This thesis examines infant feeding practices, including knowledge and attitudes towards breastfeeding, factors that influence the duration of breastfeeding, and breastfeeding outcomes in relation to postpartum women’s body image, particularly perceived changes of breast shape in Australian and Japanese women.From previous studies, the number of women who desire to be slim after their childbirth has been increasing in recent years, and it is hypothesised that their concerns about body image may be associated with breastfeeding outcomes. It has been found that the Asian women have more distorted body images than their Caucasian counterparts. Breastfeeding gives many benefits to health of women and child, and the benefits may be greater with longer breastfeeding duration. Nevertheless, the duration of ‘exclusive breastfeeding’ is still less than the recommendations in most countries. There have been only a limited number of studies investigating breastfeeding outcomes related to postpartum women’s body image.This thesis contains two studies. In the first study, a cross-sectional survey was conducted in 2007 at Himeji city, Japan, in order to describe infant feeding practices and to identify factors that are associated with breastfeeding duration. The survey was a self-administered questionnaire included in a letter from the Himeji City Health Department offering free health checks for infants at 18 months of age. The second study was a prospective cohort study with interviews on seven occasions (4, 10, 16, 22, 32, 40, and 52 weeks postpartum) of follow-up over a period of 12 months, the Perth Infant Feeding Study Mark II (PIFS II). This second study was undertaken in two local hospitals in Perth, Australia between 2002 and 2003. While the initial results of the PIFS II have been published elsewhere, variables related to the postpartum women’s body image had not previously been analysed. Both studies used almost the same questions on infant feeding practices and about postpartum women’s body image.Univariate analysis was first employed to describe breastfeeding practices and to assess which factors could be included in the model of breastfeeding duration. These were then incorporated into multivariate analysis to identify the contributing factors of the duration of ‘any breastfeeding’ to six months postpartum. In the second group of analysis, factors related to postpartum women’s body image, their Body Mass Index (BMI) and perceptions of changes in their weight status, body and breast shape were included. These factors were then entered into a multivariate logistics regression analysis with other contributing factors in breastfeeding duration.In the Japanese study, 2,345 women were eligible to participate and 1,623 completed the questionnaire (Response rate: 69.2%). For the final analysis, 1,612 questionnaires were used, due to missing data. The majority (72.8%) of respondents were housewives with mean age 32.2, ranging from 18 to 44. Almost half of them were primiparous (56%) and had annual family income below 4,500,000 Japanese yen (JP¥) (55.5%) (Equivalent value in Australian dollars (AU$), approximately 50000). Low birth weight infants (less than 2500g) were 8.4%, and the great majority of postpartum women (85.0%) had a vaginal delivery. The prevalence of smoking and alcohol during breastfeeding reported by the women were 10.6% and 14.1%, respectively. It was interesting to note that the first feed for 29.8% of the infants was infant formula, followed by glucose (19.5%). By two weeks of age, more than 85% of infants had been introduced to infant formula. Consequently, ‘exclusive breastfeeding’ was not common and ‘any breastfeeding’ was the most common infant feeding method in Japan, with mean duration of 9.1 months (Standard Deviation (SD) = 6.4). The Iowa Infant Feeding Attitudes Scales (IIFAS), reflecting knowledge and attitudes towards infant feeding practices, of the sample was 54.2 (SD = 4.9), a low score, compared with other studies. In this sample, other family members such as husbands and women’s own mothers were less involved in decisions on infant feeding methods.With regard to postpartum women’s body image, 23.9% were in the ‘underweight’ category in their Body Mass Index (BMI) before the first pregnancy and this decreased to 17.8% at 18 months postpartum. The majority perceived some changes in their breast shape, namely ‘lost tension’, ‘changes in size’, and ‘sagging’. While more than half believed that breastfeeding helped to regain their body shape faster than infant formula, the same proportion stated that breastfeeding also made their breast shape ‘drooping’. The Attention to Body Shape Scale (ABS), a measure assessing one’s body image, showed that the Japanese postpartum women were very conscious of their body shape, but this was not a significant factor in relation to breastfeeding outcomes.Results of stepwise logistic regression analysis found four factors that were negatively associated with the duration of ‘any breastfeeding’ to six months of postpartum specifically, working women in non-professional areas (adjusted Odds Ratio (OR) = 0.41, 95% Confidence Interval (CI) = 0.23 to 0.72), experienced in breastfeeding problems (adjusted OR = 0.34, 95% CI = 0.23 to 0.51), smoking by the women during breastfeeding (adjusted OR = 0.32, 95% CI = 0.15 to 0.66), and perceived changes in breast shape (adjusted OR = 0.60, 95% CI = 0.40 to 0.91). In contrast, four factors, the later introduction of infant formula (adjusted OR = 1.07, 95% CI = 1.03 to 1.11), primipara (adjusted OR = 2.26, 95% CI = 1.05 to 4.87), the decision on infant feeding methods before pregnancy (adjusted OR = 2.73, 95% CI = 1.79 to 4.18), alcohol intake during breastfeeding (adjusted OR = 2.00, 95% CI = 1.18 to 3.39) were significantly associated with continuing ‘any breastfeeding’ to six months postpartum.In the Australian study, the Perth Infant Feeding Study Mark II (PIFS II), overall 870 of 1068 postpartum women who were eligible for the study were recruited and asked to complete the baseline questionnaire. In total, 587 completed questionnaire were received, a response rate of 68%. Approximately 30% of respondents were in their 30s, which was the highest proportion by age. The majority were Australian born (73.2%) and were multiparous (63.2%). Only 2.2% of infants were low birth weight and 70% had vaginal deliveries. The highest percentage of annual family income was at the group between 25,000 AU$ and 40,000 AU$ at 31.0%. The smoking rate reported by the women lies between 23% and 39% during the follow-up periods, and the prevalence of alcohol consumption by the women ranged from 40.2% to 48.5%. The majority had made a decision about infant feeding methods either before or early pregnancy (91.8%) and those infants were most often fed breastmilk as their first food while in hospitals (81.2%).Their husbands and own mothers positively supported breastfeeding in the decision making processes. The mean duration of ‘any breastfeeding’ and of introducing infant formula were 23.3 weeks (SD = 19.7) (approximately 5.8 months). The IIFAS also indicated that the Australian women showed positive attitudes towards breastfeeding with the mean score 64.4 (SD=8.3). About 8% of the Perth women were in the ‘underweight’ category (BMI < 18.5) before pregnancy. 51% noticed changes in their breast shape within four weeks of birth and this increased to 60% at 52 weeks postpartum. The most common changes perceived between four and 52 weeks postpartum were ‘sagging’ following ‘changes in size’. The factors that influenced breastfeeding duration in Australia were similar to the Japanese women with the exception of alcohol consumption. A multiple logistic regression showed that the women who had longer breastfeeding duration were more likely to perceive changes of their breast shape at week 52. For a one week increase in the duration of ‘exclusive breastfeeding’ up to six months, the average risk of perceived changes in breast shape at week 52 increased by 3.5% (95% CI = 1.00 to 1.07), by 3.8% (95% CI = 1.01 to 1.07) with ‘any breastfeeding’ duration up to six months, and by 2.9% (95% CI = 1.00 to 1.06) with ‘full breastfeeding’ up to six months, respectively. Moreover, the average risk of perceived changes in breast shape at week 52 increased by 0.8% (95% CI = 1.00 to 1.02), whenever women increase ‘any breastfeeding’ duration up to 12 months with each additional week.Cox logistic regression was also used to explore breastfeeding by type for six months or 12 months given their perceptions of breast shape at four weeks postpartum. However, no significant associations were found after adjustment of the model. The results indicated that the Australian women perceived changes to their body weight and breast shape in the postpartum period, but Japanese women were significantly more conscious about these aspects than their Australian counterparts. The cultural backgrounds of the women affected the associations between body image and breastfeeding outcomes. It is important to acknowledge this factor when providing education programs in breastfeeding.Breastfeeding outcomes were different between studies, particularly with regard to supplemental feeding, family involvement in decisions about infant feeding methods, and opinions on alcohol intake during breastfeeding. In addition, the prevalence of women with ‘underweight’ BMI is different between the two countries. These two studies suggest that cultural beliefs about women’s body image were associated with breastfeeding duration. The Japanese women were more conscious about their body and breast shape, which was significantly associated with breastfeeding duration, compared with their Australian counterparts. Women’s knowledge and attitudes towards breastfeeding reflected this and was at a lower level in Japan than in Australia. Several issues including media exposure, social expectations about women’s body shape and gestational weight control that are potentially related to women’s body image are discussed below.There are some limitations that needed to be considered when interpreting and assessing the applicability of the results. Through these two studies, changes of body weight, breast in shape were not assessed by any objective measure and were based on the participants’ perceptions. In addition, as the first study was cross-sectional and based on self-reported data at 18 months postpartum in Japan, there is a possibility of some recall bias about breastfeeding practices. In the second study, the PIFS II, a limitation was that the sample was recruited from two public hospitals and probably reflected a selection bias towards lower socio-economic status.It is recommended further studies using a cohort method with a large sample size and a qualitative approach be undertaken to enrich and verify the results of the study. These will enable a more accurate estimate of the prevalence of breastfeeding, factors that predict breastfeeding duration and postpartum women’s perceptions of changes in breast shape during breastfeeding. Breastfeeding education programs should be based on accurate studies of maternal knowledge and attitudes towards infant feeding methods, benefits of breastfeeding in the short and long term, and attitudes to body image in postpartum. These education programs need to acknowledge cultural perspectives in breastfeeding and women’s body image. Further improvements in working environments of postpartum women allowing them to continue breastfeeding are also suggested. It is important for public health that relevant interventions should be developed to improve breastfeeding rates and duration, in Australia and Japan.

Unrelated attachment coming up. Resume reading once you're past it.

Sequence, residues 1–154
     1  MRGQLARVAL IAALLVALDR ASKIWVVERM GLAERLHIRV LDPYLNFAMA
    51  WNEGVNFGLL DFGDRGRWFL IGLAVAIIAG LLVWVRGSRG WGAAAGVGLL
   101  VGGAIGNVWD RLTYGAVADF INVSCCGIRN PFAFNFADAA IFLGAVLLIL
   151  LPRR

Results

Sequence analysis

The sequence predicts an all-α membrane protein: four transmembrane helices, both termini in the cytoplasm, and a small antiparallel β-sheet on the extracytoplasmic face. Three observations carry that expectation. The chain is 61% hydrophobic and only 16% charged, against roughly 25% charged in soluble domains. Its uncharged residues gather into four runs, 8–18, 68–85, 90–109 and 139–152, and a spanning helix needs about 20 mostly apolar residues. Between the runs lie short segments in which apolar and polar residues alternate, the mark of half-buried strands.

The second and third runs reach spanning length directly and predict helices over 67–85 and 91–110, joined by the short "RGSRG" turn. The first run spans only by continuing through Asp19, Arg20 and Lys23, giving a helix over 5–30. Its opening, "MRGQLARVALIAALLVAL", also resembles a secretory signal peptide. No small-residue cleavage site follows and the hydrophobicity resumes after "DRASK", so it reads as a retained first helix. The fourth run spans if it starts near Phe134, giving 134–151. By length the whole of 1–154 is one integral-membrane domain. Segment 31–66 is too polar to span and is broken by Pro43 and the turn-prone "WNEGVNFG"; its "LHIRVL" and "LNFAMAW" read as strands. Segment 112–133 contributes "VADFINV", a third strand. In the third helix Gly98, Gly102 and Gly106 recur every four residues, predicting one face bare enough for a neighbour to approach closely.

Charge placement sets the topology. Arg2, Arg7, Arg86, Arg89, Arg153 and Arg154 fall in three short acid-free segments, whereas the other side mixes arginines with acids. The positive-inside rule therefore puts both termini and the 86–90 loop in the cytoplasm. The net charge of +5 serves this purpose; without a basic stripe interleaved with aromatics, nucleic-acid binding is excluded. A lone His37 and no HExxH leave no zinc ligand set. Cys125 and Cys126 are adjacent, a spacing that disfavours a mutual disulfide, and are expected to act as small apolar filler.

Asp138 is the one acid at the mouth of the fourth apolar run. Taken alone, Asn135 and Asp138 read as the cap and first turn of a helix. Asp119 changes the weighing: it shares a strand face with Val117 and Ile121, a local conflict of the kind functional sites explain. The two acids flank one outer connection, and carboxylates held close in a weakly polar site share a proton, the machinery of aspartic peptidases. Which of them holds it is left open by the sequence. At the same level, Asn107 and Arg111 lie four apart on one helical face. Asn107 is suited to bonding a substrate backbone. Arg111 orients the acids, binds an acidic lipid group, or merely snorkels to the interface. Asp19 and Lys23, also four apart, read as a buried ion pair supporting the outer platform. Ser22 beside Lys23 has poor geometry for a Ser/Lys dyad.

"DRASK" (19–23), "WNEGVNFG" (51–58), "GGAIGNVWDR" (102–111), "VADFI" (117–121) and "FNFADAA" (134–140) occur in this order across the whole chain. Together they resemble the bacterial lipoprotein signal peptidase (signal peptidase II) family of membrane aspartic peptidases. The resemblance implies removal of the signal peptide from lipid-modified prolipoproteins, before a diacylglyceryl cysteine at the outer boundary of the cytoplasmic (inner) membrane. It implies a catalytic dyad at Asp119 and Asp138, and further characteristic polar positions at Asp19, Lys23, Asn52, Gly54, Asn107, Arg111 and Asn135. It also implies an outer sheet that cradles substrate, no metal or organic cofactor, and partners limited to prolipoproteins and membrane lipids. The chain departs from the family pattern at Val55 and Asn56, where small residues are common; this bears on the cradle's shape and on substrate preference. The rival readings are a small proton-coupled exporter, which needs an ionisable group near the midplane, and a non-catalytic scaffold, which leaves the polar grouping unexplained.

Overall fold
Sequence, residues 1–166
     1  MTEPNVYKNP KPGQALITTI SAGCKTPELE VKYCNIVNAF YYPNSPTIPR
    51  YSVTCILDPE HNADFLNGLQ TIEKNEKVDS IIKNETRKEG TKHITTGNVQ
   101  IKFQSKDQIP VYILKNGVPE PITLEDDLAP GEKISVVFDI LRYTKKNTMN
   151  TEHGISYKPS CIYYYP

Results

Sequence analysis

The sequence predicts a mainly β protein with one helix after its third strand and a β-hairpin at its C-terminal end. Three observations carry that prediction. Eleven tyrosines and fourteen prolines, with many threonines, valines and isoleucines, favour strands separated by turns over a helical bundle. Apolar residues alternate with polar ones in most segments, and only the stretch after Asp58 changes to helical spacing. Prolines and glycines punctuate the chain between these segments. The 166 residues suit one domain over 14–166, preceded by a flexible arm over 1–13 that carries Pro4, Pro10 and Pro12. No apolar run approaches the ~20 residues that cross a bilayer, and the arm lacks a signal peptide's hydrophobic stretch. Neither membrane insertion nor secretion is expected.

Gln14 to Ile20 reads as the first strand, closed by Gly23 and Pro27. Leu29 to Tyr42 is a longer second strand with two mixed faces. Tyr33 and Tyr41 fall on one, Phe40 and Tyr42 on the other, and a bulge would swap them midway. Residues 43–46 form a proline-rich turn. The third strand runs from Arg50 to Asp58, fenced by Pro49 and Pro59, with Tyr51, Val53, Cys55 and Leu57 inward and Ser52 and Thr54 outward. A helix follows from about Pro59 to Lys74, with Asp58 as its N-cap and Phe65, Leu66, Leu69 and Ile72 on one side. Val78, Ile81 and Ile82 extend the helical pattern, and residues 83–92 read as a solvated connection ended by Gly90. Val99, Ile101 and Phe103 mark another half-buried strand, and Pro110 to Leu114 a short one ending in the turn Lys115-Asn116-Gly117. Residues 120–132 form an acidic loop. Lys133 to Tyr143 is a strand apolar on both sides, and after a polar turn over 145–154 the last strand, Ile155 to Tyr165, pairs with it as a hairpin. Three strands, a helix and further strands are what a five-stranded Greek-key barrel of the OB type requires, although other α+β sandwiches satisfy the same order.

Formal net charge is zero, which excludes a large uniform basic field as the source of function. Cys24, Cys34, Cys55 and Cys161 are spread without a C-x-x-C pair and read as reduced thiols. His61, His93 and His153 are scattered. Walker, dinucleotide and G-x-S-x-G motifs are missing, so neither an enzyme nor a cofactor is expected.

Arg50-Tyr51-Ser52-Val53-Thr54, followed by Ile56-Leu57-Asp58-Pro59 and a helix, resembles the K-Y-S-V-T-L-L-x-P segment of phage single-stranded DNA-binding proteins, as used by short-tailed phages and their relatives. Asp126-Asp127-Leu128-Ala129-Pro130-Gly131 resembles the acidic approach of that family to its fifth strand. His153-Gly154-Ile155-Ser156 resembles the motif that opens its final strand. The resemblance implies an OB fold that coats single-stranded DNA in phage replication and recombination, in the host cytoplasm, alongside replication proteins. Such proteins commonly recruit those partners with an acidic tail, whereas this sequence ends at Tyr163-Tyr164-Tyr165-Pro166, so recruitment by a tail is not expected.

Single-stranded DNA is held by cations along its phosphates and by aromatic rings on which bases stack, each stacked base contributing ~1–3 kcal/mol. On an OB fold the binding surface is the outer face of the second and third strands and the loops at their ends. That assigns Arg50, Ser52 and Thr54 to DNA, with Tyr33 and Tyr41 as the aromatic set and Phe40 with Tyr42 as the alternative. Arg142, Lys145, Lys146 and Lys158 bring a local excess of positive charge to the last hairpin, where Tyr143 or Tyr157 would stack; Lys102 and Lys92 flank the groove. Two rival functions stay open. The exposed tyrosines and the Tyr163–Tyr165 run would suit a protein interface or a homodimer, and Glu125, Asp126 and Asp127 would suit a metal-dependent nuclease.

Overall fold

|dc.title||Breastfeeding and perceptions of breast shape changes in Australian and Japanese women|
|curtin.department||School of Public Health|